He added that the change was crucial to helping the sector meet the ambitious clean energy targets the government has set. “We need build up to 4GW of new offshore wind capacity every year to stay on track for net zero, which means quadrupling our current annual rate,” he said. “Similar increases in onshore wind, solar and other clean power sources are vital too, as well as ramping up the roll-out of innovative technologies like floating wind, green hydrogen and marine power.”
The government stressed that the new auctions would complement its recently announced funding package for new nuclear projects, which is attempting to deliver a series of new nuclear plants beyond the Hinkley Point project that is currently under construction. BEIS said that it was providing up to £1.7bn to enable a final investment decision on a large-scale nuclear project in this Parliament, working to pass a new Nuclear Energy (Financing) Bill, a providing a £210m grant to a Rolls-Royce-led consortium to develop a UK Small Modular Reactors design.
The moves come as the government faces growing calls from some of its backbenchers and Cabinet Ministers to ramp up domestic gas production, including through a revival of fracking projects, despite experts warning that increased UK gas production would have a negligible impact on wholesale prices and undermine the UK’s net zero goals.
The news also comes on the same day as trade body Scottish Renewables published its latest Supply Chain Impact Statement, detailing how the country’s renewables industry is delivering jobs and investment right across the economy. The third edition of the annual Supply Chain Impact Statement spotlights 32 firms working across Scotland’s renewable energy industry, which now employs 22,660 people.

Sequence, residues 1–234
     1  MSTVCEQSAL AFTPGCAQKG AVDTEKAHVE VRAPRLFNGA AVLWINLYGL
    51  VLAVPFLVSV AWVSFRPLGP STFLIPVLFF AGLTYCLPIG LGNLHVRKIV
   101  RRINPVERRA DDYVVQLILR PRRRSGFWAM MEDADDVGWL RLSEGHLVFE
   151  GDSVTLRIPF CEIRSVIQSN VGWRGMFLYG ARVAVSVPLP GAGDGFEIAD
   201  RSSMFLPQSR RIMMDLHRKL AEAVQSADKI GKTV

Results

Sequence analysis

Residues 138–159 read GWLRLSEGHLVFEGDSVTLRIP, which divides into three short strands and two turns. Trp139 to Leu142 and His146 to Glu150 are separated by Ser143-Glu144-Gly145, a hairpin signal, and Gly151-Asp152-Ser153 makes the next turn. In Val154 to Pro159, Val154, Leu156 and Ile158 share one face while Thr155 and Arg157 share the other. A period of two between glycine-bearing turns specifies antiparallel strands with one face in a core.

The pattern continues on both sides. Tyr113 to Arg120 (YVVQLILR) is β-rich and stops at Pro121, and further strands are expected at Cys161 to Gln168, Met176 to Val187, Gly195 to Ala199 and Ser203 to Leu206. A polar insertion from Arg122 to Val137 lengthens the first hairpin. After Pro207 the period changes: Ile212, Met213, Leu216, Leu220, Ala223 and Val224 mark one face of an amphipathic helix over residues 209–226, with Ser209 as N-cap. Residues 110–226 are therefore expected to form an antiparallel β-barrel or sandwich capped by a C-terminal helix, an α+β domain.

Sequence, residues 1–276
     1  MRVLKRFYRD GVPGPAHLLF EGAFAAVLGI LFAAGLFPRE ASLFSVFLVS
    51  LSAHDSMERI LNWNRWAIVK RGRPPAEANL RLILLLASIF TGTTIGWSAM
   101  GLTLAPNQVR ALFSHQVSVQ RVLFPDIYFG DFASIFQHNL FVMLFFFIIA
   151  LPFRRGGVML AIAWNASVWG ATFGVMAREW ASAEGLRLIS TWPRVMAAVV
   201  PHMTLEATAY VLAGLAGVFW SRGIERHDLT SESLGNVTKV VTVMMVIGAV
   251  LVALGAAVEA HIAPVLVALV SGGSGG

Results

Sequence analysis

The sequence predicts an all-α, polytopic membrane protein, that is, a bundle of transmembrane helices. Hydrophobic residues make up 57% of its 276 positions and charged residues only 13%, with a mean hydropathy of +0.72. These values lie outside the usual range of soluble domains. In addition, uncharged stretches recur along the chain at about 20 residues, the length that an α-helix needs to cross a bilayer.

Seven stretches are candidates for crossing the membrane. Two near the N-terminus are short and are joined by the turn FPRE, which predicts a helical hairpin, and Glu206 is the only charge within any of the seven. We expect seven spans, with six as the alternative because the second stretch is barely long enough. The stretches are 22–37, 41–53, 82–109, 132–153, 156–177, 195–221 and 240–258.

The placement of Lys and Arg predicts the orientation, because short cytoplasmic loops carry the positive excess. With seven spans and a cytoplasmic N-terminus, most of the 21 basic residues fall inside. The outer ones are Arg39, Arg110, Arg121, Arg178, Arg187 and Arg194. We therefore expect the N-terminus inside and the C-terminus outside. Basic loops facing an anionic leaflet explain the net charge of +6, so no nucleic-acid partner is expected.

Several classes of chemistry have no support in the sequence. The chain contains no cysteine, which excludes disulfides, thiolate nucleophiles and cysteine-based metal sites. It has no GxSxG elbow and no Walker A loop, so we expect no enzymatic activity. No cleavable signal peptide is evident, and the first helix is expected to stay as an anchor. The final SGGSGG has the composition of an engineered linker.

It also highlights how the sector is delivering a wide and growing range of projects, including heating networks, a pioneering zero-emission hydrogen fuel cell train project, multiple low-carbon transport hubs, the UK’s largest community-owned hydro scheme, the world’s most powerful tidal turbine, ground-breaking floating offshore wind farms, specialist renewably-powered remote monitoring solutions and innovative artificial intelligence control systems.
“Renewable energy projects across Scotland deliver many benefits to our urban, rural and island communities, providing low-carbon heat, transport and electricity as well as creating employment opportunities for the people who live there,” said Claire Mack, chief executive of Scottish Renewables. “Both the onshore and offshore wind sectors, which provide so much of the economic benefit highlighted in this report, are pushing hard for huge growth, including from the 17 new offshore projects which came through the recent ScotWind Leasing round.
“That means the potential future pipeline of renewable energy projects in Scotland has never been stronger, and the time is now for both governments to work with industry to build on the successes highlighted in this statement by investing in innovation, infrastructure and technology to support supply chain development to make the most of these opportunities.”